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Hunting in the snow in Colorado

I'm sitting here on this beautiful three degree March, after the snow morning, thinking back over some of the snowy hunts that I have been involved in, in time past. Many of them were uneventful so that I don't remember any of them. However, one that I do remember was a hunt in Colorado with my hunting buddies that go with me almost every year. We were camped at Freeman Reservoir, which is located about forty to fifty miles north of Craig, Colorado.

We left Berkeley Springs about 6:30 on a Monday morning to travel the 32 hours to Craig. We arrived just about dark so we got a motel to spend the night, get a needed bath, go to a restaurant for a good meal, and rest up for the night. The next morning we picked up supplies and headed to the camp site. When we get there, there is already 8 inches of snow on the ground, which has to be removed (this picture is actually when we were leaving and camp torn down) to put up the 16'x 32' army tent. The rest of that day (Thursday) is consumed in getting the tent up, cots installed, gas hooked up for cooking and heat, and needed personal items brought into the tent, for each person. The next day is devoted to the finishing of details around camp, visiting with neighbor camping hunters, and talking over the hunt that begins tomorrow morning. Late in the day it began to snow and was still at it the next morning as we were eating breakfast. There was probably another eight inches on top of the previous 8 inches and it was still snowing.

We were now reviewing the plans made yesterday as to where and how we would hunt in this new circumstance. My own conclusion was not changed, in that I was determined to scout until I found the prey or located where they might be holed up. In past years I had gone out into these mountains with just plain luck on my shoulders in hope of one of those ole moss horns coming by my location. That hadn't worked out so very well. In other words, no luck. I made an opinion that there isn't any use hunting that large of an area unless the percentages of seeing game is increased by a large margin and the only way to do that is to immediately upon starting the hunt, go and find them. I had hunted this area several times so I had a plan as to where to start.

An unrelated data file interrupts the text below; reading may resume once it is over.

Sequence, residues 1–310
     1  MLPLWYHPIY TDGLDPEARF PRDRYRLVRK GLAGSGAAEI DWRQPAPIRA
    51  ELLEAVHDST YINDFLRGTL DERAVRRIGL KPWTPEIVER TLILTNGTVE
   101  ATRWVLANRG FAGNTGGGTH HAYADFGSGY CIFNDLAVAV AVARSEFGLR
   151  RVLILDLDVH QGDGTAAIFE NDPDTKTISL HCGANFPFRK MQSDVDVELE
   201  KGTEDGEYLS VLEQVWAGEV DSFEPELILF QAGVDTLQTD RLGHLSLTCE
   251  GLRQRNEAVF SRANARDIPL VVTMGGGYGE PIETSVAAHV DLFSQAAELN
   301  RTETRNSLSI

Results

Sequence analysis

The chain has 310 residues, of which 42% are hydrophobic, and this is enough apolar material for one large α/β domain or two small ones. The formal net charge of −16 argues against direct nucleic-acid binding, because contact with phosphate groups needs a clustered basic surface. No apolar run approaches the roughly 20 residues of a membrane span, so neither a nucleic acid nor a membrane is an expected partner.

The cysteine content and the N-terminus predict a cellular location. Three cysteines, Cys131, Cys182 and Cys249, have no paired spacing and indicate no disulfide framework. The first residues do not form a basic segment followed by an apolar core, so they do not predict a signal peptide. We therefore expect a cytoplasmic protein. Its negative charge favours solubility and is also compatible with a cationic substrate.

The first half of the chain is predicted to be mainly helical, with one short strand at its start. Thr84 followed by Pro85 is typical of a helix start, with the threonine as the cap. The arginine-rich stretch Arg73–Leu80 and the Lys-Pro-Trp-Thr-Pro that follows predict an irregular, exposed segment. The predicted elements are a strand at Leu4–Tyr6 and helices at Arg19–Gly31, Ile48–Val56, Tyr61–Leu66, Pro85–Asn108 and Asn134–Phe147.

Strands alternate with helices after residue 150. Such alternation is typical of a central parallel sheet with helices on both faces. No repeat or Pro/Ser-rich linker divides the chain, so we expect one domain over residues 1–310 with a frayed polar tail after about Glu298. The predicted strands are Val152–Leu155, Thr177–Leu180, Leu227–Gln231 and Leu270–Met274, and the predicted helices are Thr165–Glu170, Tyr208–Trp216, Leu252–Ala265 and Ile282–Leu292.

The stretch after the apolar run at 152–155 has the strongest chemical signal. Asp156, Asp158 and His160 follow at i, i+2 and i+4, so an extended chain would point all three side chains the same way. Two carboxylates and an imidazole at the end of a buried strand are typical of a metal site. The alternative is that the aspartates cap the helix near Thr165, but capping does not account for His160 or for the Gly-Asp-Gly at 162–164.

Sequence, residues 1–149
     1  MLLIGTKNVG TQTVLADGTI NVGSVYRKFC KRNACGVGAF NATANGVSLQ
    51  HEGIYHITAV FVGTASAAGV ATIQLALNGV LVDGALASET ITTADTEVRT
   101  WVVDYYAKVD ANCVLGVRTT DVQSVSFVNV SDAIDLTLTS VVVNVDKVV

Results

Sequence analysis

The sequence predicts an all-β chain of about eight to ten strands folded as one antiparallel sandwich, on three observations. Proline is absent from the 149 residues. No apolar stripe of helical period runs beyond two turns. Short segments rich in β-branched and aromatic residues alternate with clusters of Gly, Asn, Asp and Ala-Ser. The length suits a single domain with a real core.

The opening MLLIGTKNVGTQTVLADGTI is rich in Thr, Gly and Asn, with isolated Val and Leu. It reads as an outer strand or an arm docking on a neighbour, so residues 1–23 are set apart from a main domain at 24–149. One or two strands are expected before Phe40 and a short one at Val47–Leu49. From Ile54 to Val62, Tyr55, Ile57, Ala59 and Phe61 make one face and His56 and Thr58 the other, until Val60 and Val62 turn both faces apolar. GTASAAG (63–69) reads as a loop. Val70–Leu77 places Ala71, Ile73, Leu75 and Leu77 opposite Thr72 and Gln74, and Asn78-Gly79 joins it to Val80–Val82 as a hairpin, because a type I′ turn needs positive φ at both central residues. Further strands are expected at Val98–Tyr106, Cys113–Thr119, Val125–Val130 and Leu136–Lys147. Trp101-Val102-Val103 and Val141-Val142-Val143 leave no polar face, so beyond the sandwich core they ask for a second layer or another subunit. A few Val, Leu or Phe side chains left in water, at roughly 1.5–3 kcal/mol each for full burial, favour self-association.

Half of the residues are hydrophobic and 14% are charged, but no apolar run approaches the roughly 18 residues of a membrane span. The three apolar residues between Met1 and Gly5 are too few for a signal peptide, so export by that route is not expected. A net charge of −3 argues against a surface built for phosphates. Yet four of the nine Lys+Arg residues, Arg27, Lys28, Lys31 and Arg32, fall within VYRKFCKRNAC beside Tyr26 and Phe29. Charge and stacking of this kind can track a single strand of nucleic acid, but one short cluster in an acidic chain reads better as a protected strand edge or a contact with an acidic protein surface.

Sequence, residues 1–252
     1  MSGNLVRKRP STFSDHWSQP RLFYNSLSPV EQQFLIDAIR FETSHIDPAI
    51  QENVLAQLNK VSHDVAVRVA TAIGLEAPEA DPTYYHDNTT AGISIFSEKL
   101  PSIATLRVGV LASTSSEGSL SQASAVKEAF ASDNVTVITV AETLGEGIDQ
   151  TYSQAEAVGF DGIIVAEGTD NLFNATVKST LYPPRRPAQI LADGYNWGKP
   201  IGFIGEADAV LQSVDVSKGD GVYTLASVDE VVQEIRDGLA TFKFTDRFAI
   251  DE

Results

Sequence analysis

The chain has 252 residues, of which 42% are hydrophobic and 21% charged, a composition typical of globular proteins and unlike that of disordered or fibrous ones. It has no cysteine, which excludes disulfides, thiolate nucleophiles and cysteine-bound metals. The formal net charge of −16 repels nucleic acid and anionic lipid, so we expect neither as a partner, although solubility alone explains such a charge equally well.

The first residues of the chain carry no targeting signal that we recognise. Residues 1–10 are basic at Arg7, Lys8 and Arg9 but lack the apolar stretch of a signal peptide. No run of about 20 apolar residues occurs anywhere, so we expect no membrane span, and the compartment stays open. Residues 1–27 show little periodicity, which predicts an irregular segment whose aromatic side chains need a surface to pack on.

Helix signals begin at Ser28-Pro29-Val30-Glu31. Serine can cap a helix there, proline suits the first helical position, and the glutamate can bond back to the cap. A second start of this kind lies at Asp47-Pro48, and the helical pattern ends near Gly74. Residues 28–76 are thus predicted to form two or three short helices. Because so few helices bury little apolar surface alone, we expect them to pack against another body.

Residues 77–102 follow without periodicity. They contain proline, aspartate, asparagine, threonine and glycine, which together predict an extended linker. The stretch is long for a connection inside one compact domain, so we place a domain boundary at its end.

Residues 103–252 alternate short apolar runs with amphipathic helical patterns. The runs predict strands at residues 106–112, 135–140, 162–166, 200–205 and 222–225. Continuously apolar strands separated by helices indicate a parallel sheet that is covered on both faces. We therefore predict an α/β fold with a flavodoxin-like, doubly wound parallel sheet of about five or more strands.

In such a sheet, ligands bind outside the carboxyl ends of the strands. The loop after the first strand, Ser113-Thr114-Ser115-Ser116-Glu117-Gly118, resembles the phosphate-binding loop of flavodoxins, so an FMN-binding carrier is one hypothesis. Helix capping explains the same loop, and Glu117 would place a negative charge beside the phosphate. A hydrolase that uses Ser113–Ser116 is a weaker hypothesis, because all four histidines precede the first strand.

I left camp at the beginning of daylight on Saturday morning to start the trip to the top of the mountain. It is roughly 4 miles from camp to the top and it is pretty steep. My plan was to leave the "Bear's Ear's Trail", which is one mile from camp, make a straight line up the left side of a ravine that went up the side of the mountain and see if there were any fresh trail cut in the snow. It was noon when I reached the top and I hadn't cut one foot print of anything. The snow was 38 inches on top. I was exhausted, from the ordeal of treading the deep stuff, and decided to rest up a bit beside the whiskey bottle, "a land mark", we all knew about. Somebody, I hope not a hunter, had put a whiskey bottle on a dead branch of an old snag, that had once been a tree, that had tried to grow from the rocks. What made it so difficult for me to get through the snow was that the previous snow had melted some and then froze to make a crust. The new snow, that was still coming down, was piled upon the top of that and as I put my weight on the crust, it began to hold but just about the time I was ready to lift my other foot, it would break through sinking me up past my waist. Try that for awhile. You'll think your thighs have caught fire. Finally I started back down taking the other side of the ravine, probably 1000 yards from where I came up. The trees are pretty thin on top but the black timber (big trees) starts about a mile from the top. I just got inside the timber and hit a very fresh elk herd trail going off to my left. Right away the wheels started to turn in my head, trying to figure what their moves were and how to capitalize on it. Let's see: I just came up the other side and didn't see any trail, but that was awhile ago and they may have came through afterwards.